Matt Labrum, a high school football coach in Utah, takes lack of character seriously, very seriously. In a move that shocked his team at Union High School, coach Labrum decided to suspend the entire team, all 80 players, due to the team’s poor off-the-field behavior.
Reports had come to coach Labrum that players had been cyber-bullying their peers, that many on the team were not doing well in class, and that a number of players had truancy issues. Labrum decided his team needed a wake-up call; they needed to earn “the privilege to play.”
In a letter passed out by coaches and obtained by the Deseret News, the coaches stated, “We want student-athletes that are humble to learn and grow throughadversity and success on and off the field. We want a team that others want to associate themselves with andsupport; winning isn’t the most important criteria for that to happen.”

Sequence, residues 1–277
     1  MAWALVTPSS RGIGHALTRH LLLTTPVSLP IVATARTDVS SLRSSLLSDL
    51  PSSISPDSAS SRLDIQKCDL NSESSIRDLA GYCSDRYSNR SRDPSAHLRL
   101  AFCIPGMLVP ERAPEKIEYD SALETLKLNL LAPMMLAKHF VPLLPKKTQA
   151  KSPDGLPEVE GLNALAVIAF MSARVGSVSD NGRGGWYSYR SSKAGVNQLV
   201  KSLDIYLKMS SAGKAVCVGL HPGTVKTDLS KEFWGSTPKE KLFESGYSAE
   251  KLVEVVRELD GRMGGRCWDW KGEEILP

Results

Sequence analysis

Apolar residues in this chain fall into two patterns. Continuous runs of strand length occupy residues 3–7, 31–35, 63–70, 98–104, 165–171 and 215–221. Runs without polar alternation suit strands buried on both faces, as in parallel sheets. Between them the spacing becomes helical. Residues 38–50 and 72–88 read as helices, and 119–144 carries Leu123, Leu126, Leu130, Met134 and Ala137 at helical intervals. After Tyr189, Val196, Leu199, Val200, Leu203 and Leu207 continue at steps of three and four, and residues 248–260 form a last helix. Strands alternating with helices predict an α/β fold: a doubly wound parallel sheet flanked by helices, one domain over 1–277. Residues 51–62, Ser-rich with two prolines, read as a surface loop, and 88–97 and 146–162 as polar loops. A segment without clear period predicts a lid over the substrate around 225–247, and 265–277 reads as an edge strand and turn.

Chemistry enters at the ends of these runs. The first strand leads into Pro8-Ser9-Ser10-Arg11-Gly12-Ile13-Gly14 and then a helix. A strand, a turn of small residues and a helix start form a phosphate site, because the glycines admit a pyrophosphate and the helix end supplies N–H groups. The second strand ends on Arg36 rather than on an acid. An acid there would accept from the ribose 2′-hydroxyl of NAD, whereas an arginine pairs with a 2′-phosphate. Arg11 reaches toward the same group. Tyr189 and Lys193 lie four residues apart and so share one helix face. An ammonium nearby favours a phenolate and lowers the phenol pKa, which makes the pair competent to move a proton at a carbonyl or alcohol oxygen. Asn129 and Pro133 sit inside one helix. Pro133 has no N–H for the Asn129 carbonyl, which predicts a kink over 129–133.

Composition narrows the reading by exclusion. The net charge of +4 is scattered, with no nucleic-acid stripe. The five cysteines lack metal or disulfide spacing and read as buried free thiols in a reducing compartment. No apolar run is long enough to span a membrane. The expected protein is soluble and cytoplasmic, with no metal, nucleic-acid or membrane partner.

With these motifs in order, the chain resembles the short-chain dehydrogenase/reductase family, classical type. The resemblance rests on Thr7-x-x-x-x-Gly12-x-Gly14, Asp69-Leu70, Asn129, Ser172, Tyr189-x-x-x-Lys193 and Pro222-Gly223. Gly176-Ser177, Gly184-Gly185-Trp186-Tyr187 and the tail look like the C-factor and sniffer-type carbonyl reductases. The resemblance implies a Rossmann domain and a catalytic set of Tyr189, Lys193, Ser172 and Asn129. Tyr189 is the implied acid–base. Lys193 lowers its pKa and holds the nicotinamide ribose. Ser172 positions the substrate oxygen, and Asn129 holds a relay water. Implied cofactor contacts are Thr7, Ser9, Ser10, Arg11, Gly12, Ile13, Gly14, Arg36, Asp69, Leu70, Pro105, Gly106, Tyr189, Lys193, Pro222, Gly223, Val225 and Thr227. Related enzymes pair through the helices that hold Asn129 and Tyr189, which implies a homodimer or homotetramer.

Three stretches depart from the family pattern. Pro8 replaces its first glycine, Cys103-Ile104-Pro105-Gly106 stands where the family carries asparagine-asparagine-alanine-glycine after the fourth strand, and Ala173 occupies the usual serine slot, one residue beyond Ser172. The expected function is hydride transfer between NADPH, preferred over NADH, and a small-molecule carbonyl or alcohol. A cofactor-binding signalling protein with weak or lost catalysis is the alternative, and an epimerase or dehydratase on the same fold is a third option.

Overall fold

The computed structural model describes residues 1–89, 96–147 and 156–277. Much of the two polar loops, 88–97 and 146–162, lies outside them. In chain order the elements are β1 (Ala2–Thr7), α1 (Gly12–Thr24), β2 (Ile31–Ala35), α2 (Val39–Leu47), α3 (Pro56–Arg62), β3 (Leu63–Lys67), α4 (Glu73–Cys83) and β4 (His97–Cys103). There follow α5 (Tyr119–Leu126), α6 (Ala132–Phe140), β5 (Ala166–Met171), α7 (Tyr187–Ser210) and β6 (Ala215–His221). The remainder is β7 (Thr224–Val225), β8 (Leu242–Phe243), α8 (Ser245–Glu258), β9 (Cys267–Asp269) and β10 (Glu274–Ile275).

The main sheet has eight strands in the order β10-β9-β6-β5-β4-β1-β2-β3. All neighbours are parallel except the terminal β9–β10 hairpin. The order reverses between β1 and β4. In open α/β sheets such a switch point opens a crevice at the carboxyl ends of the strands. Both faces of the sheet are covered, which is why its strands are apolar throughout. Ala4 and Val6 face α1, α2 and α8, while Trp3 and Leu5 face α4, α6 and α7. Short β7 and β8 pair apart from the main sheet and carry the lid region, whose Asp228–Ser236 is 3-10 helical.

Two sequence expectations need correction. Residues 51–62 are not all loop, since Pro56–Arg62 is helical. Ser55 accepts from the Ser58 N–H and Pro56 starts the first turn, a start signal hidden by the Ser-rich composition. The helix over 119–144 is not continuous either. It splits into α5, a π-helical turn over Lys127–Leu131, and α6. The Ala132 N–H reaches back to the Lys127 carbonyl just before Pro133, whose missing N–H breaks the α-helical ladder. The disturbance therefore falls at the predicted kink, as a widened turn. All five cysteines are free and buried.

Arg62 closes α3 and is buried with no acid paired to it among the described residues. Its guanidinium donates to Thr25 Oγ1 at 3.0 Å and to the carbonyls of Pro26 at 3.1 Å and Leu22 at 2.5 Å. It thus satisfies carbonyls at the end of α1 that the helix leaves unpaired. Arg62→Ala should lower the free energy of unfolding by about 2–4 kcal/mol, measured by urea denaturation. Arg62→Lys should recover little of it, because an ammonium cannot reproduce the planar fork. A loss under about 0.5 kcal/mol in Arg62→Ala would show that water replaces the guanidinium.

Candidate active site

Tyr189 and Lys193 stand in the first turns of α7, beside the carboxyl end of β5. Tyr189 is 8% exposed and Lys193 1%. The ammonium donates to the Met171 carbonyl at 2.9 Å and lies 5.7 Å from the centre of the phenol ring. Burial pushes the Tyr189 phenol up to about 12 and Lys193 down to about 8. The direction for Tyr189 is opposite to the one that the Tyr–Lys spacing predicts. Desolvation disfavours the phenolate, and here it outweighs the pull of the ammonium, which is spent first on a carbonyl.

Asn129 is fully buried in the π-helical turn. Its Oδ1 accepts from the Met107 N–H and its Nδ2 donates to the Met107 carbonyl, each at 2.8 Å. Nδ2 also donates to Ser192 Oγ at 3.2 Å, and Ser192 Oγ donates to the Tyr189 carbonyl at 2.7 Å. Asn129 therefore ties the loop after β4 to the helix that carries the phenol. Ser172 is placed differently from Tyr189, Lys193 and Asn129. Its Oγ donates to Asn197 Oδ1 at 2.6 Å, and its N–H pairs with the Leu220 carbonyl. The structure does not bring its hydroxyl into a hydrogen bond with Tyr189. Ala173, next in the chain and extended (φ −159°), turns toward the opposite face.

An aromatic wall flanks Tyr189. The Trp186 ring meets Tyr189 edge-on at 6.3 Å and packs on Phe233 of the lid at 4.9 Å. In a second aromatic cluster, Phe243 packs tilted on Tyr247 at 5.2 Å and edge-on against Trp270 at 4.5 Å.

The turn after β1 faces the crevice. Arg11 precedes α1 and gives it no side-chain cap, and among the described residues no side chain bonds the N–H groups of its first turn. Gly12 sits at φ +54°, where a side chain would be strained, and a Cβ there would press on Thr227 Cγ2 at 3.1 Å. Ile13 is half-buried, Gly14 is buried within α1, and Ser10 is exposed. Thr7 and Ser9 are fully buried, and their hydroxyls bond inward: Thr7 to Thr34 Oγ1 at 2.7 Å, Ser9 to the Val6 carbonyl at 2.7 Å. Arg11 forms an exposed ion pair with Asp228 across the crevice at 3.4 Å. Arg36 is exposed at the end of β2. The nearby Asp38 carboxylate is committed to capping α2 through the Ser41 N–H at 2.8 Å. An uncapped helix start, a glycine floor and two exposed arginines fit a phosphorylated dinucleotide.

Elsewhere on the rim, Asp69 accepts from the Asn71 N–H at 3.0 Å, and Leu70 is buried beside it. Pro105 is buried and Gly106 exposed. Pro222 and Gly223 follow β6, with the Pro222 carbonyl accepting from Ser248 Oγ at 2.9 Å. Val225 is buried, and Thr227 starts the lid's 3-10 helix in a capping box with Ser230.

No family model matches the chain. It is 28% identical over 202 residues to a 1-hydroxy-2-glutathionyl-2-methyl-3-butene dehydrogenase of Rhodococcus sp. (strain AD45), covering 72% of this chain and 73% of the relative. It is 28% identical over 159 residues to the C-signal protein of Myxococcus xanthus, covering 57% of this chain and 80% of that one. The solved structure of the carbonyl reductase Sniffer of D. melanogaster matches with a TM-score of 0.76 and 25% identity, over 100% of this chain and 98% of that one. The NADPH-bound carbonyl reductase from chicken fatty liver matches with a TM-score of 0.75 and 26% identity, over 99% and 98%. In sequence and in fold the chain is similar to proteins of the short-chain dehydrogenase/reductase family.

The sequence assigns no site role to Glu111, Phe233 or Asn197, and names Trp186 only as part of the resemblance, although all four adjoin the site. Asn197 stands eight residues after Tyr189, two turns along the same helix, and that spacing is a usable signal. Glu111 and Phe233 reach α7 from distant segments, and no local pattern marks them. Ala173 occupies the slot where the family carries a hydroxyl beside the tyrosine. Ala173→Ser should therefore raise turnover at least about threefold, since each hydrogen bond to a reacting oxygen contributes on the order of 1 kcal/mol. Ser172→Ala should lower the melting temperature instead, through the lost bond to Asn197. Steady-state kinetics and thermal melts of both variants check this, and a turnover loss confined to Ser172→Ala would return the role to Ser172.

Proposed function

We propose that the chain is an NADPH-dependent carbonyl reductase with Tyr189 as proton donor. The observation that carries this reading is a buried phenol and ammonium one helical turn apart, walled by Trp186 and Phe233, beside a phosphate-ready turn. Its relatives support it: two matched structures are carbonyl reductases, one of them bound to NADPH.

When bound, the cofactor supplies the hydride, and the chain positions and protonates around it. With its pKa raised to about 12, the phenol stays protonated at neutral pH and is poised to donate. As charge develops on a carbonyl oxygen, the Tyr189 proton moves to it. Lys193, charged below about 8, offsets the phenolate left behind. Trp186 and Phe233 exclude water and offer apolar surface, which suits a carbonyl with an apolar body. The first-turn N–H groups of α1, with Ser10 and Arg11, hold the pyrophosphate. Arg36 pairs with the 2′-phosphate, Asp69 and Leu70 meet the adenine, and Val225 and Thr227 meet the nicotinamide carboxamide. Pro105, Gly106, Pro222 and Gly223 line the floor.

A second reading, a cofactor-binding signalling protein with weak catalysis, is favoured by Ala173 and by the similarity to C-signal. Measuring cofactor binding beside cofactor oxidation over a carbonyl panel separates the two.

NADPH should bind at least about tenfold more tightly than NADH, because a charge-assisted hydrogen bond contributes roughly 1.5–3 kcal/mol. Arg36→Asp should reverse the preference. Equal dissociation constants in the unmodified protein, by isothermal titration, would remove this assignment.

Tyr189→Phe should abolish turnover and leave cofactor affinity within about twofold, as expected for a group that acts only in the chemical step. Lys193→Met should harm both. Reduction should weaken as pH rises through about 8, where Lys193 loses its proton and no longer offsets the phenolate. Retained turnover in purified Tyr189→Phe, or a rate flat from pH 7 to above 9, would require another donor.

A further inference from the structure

The letter went on to spell out the five criteria each player must fulfill to get back on the team: they must make an effort to attend every practice; be on time to practice;receive no F’s or disciplinary problems in class; do an individualservice project that helps their families; and memorize a quote aboutgood character and recite it to a coach. Many have already earned their spots back on the team.
Coaches are often charged, whether fairly or otherwise, with cultivating character in the young men and women they teach. This fact is not lost on Labrum, “I think a lot of lessons were learned this week, (and) I think somewill be learned later in life. I think this is something thatwe’ll all remember.”